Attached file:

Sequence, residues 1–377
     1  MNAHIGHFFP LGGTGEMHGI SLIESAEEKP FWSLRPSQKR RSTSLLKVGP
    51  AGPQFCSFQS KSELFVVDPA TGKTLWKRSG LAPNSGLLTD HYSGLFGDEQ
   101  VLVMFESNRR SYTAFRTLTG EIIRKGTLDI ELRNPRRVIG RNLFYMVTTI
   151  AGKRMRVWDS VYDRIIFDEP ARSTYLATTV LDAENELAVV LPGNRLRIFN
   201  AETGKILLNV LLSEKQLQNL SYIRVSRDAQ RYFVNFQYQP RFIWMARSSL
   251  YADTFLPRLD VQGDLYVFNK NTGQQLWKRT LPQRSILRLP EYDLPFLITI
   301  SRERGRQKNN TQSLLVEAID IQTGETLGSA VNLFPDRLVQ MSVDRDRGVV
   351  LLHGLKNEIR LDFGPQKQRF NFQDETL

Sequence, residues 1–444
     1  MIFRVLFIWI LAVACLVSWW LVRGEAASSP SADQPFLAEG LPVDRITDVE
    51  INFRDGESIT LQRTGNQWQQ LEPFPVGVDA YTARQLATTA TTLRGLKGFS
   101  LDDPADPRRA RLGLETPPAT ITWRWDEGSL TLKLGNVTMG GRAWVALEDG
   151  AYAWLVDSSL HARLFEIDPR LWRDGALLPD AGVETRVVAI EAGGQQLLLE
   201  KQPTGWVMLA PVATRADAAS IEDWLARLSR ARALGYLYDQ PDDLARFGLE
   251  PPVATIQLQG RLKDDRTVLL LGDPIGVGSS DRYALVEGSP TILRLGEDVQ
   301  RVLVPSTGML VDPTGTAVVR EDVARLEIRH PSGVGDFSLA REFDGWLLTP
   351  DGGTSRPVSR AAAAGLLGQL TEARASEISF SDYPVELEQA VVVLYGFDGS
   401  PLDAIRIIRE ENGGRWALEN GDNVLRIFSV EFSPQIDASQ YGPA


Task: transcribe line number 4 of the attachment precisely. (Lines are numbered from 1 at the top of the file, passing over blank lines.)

   101  VLVMFESNRR SYTAFRTLTG EIIRKGTLDI ELRNPRRVIG RNLFYMVTTI